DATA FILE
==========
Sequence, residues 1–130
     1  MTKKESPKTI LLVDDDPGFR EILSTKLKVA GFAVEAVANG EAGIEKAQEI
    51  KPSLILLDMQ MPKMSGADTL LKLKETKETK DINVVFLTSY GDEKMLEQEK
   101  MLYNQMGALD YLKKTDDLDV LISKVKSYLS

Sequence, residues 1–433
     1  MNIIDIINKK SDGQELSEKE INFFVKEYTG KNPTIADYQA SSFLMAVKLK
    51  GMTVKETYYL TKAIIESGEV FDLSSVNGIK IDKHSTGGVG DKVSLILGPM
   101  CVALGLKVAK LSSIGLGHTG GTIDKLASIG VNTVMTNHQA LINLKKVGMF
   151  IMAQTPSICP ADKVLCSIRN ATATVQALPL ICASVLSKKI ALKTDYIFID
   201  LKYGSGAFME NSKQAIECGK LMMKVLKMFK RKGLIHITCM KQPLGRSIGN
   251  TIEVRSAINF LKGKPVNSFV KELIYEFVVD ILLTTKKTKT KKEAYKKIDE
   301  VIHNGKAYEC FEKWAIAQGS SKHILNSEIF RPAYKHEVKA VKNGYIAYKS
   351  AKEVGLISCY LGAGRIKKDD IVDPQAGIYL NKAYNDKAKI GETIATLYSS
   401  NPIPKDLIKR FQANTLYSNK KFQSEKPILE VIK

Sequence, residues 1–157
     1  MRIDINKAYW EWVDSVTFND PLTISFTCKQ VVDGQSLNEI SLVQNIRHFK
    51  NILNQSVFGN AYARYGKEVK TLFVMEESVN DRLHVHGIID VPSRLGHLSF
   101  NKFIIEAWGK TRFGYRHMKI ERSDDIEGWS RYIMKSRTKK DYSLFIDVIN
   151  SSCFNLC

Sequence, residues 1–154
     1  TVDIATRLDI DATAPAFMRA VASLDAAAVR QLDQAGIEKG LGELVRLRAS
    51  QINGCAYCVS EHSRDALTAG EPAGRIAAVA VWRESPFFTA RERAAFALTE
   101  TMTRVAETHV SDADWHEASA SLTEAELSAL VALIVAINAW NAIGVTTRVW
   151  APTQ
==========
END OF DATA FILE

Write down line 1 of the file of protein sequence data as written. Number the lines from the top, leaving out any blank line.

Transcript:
Sequence, residues 1–130